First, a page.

Tomorrow, October 15th, Ralph Stanley's autobiography, Man of Constant Sorrow: My Life and Times will be released. Ralph Stanley wrote the book with Eddie Dean, who I often, and with much respect, refer to as the King of White Trash Writers. Today, the New York Times ran this review of the book.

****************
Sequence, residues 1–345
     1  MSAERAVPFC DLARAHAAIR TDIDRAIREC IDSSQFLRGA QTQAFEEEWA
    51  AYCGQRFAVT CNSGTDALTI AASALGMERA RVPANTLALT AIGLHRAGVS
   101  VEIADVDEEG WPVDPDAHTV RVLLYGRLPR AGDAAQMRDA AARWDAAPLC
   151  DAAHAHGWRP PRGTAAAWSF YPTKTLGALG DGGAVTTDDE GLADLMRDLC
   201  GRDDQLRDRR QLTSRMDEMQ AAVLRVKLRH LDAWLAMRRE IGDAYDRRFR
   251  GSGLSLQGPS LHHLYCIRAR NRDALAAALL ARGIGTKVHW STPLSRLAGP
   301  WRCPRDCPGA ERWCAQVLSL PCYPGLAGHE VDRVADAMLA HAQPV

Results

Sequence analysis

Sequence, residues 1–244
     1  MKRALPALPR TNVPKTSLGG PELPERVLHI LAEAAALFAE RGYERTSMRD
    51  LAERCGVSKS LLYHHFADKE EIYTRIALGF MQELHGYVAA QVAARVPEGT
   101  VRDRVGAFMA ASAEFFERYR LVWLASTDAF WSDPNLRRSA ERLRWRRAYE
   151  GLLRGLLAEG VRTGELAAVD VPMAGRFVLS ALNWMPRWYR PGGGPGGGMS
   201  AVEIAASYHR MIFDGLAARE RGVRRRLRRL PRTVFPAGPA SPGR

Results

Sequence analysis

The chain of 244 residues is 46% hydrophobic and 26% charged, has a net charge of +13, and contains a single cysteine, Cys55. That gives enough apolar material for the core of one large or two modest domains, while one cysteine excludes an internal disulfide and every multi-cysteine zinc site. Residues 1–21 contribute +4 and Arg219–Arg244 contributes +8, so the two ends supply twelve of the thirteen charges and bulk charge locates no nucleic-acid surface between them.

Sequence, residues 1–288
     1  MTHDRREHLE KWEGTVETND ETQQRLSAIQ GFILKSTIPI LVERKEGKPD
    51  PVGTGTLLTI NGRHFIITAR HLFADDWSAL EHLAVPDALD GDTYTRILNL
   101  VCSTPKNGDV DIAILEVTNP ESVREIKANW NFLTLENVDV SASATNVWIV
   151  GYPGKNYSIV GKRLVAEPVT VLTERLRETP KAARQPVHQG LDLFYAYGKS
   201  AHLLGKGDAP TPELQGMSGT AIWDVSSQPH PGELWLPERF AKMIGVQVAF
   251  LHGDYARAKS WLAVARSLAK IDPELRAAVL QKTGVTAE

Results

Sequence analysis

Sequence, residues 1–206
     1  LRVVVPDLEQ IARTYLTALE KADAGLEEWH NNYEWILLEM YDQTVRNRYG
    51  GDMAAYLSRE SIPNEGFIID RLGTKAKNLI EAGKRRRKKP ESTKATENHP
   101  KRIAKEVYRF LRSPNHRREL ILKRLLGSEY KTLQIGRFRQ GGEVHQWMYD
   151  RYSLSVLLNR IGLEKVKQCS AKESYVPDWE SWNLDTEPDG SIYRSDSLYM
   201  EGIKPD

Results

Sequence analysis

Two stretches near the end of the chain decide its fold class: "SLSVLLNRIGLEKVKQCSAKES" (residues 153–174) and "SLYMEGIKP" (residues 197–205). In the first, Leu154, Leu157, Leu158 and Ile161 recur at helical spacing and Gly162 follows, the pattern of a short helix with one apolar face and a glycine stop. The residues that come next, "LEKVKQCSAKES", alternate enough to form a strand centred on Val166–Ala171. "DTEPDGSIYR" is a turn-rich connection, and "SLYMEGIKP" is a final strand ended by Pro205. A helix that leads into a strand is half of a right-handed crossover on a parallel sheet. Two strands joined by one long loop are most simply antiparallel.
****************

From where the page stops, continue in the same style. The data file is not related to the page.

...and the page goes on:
Back before Stanley broke out to a widespread, non-bluegrass audience thanks to his version of "Oh Death" being featured in the Coen brothers film, O Brother, Where Art Thou?, Stanley was still just a founding father of bluegrass. That was Stanley's status in 1995 when Rebel Records released Ralph Stanley and the Clinch Mountain Boys 1971-1973, a four CD box set which chronicled some of Stanley's most productive years as a recording artist after his brother Carter's death in 1966. In December 1995, The Washington City Paper ran this review and brief Stanley bio which was also written by Eddie Dean. If you're not planning on reading the new Stanley autobiography, and most of you probably aren't, you should at least take a few minutes to read Dean's City Paper piece for an interesting look at an American legend.